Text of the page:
Photos circulated on social media Tuesday of activist Gaber Salah Gaber, with claims that he was killed in clashes on the streets surrounding Mohamed Mahmoud. Head of the emergency department at Qasr al-Aini Hospital Hesham Abu Aisha says Gaber is currently on life support in the intensive care unit.
He told MENA that Gaber was shot by rubber bullets in his head, neck, chest and arm. Aisha added that Gaber has a hematoma on the right lung.
Aisha said that shots had injured Gaber’s brain and that surgical intervention would be useless.
Clashes that began on Monday flared up again after a day of calm on Tuesday evening with both protesters and police throwing rocks at one another in the area surrounding Mohamed Mahmoud Street.
Clashes broke out in downtown Cairo Monday evening after security forces used tear gas to disperse protesters and prevent them from approaching the Interior Ministry.
Protesters “of unknown affiliations” attempted to break into the Shura Council (the parliament’s upper house) building and the nearby Qasr Al-Eini Hospital, according to state-run news agency MENA. The entrance to the square from Qasr Al-Eini Street has also been closed off.
According to Al Ahram, also a semi-official publication, clashes between police forces and protesters, which have erupted intermittently since Monday afternoon, continued into Tuesday evening after protesters regrouped on Qasr Al-Eini Street adjacent to Tahrir Square.
Gunfire was still being heard intermittently around the flashpoint square, according to MENA. Earlier Tuesday evening, an Ahram Online reporter saw volunteer doctors attempting to remove birdshot pellets from a protester’s body.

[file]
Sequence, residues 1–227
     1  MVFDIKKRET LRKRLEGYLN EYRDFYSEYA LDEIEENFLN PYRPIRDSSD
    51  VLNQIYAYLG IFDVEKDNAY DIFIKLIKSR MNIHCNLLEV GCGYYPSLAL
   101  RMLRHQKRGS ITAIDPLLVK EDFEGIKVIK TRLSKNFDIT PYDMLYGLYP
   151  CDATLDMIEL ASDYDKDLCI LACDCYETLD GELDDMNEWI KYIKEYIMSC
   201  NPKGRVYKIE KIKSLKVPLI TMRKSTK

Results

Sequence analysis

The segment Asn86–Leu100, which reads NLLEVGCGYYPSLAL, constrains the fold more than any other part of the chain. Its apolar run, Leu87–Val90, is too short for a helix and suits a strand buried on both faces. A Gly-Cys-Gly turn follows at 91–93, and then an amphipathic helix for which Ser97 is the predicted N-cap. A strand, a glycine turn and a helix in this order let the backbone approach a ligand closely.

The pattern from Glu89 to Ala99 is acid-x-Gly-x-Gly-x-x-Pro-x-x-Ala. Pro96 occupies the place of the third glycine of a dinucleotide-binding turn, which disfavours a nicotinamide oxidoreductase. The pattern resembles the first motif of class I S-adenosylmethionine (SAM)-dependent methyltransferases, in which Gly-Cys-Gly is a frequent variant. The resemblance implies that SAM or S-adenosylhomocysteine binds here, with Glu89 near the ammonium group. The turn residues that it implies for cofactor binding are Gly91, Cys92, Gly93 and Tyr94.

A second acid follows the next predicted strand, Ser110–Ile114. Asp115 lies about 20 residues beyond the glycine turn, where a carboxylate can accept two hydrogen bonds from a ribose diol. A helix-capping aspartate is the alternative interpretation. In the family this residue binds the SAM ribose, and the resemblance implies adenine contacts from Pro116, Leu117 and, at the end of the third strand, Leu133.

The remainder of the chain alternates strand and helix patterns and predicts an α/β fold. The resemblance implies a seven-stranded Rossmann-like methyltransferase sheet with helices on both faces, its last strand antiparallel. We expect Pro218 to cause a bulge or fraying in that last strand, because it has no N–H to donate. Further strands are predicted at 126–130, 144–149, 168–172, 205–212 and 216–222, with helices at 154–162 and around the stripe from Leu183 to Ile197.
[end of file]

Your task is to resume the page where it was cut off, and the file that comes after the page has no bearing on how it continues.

Al Ahram reported that skirmishes broke out Monday afternoon when protesters commemorating the anniversary of last year’s clashes began fighting with Central Security Forces near interior ministry headquarters on Nubar Street.
But no one actually knows why the clashes started in the first place. The interior ministry said that fighting began when “lurkers” threw stones and Molotov cocktails at security officers on Qasr Al-Eini Street.
Dozens were injured in the subsequent clashes, including two currently in critical condition.
Eight policemen and 20 soldiers were injured during the clashes on Monday, the interior ministry said.
Human rights activists and lawyers said a number of protesters had been arrested in Tahrir Square early Tuesday morning.
According to Egypt Independent, members of youth and political groups in the city of Mahalla in the Nile Delta governorate of Gharbiya besieged a police station on Tuesday evening, chanting slogans denouncing the Interior Ministry and the Muslim Brotherhood and demanding the overthrow of President Mohamed Morsi and retribution for victims of the Mohamed Mahmoud Street violence.
They also demanded the dismissal of Hesham Qandil’s Cabinet and bring to trial those responsible for the Assiut train accident that killed over 50 children on Saturday. They said they would continue to demonstrate until their demands are met, and warned President Morsy of a revolution that would topple him.
About the Author: Yori Yanover has been a working journalist since age 17, before he enlisted and worked for Ba'Machane Nachal. Since then he has worked for Israel Shelanu, the US supplement of Yedioth, JCN18.com, USAJewish.com, Lubavitch News Service, Arutz 7 (as DJ on the high seas), and the Grand Street News. He has published Dancing and Crying, a colorful and intimate portrait of the last two years in the life of the late Lubavitch Rebbe, (in Hebrew), and two fun books in English: The Cabalist's Daughter: A Novel of Practical Messianic Redemption, and How Would God REALLY Vote.
If you don't see your comment after publishing it, refresh the page.
Our comments section is intended for meaningful responses and debates in a civilized manner. We ask that you respect the fact that we are a religious Jewish website and avoid inappropriate language at all cost.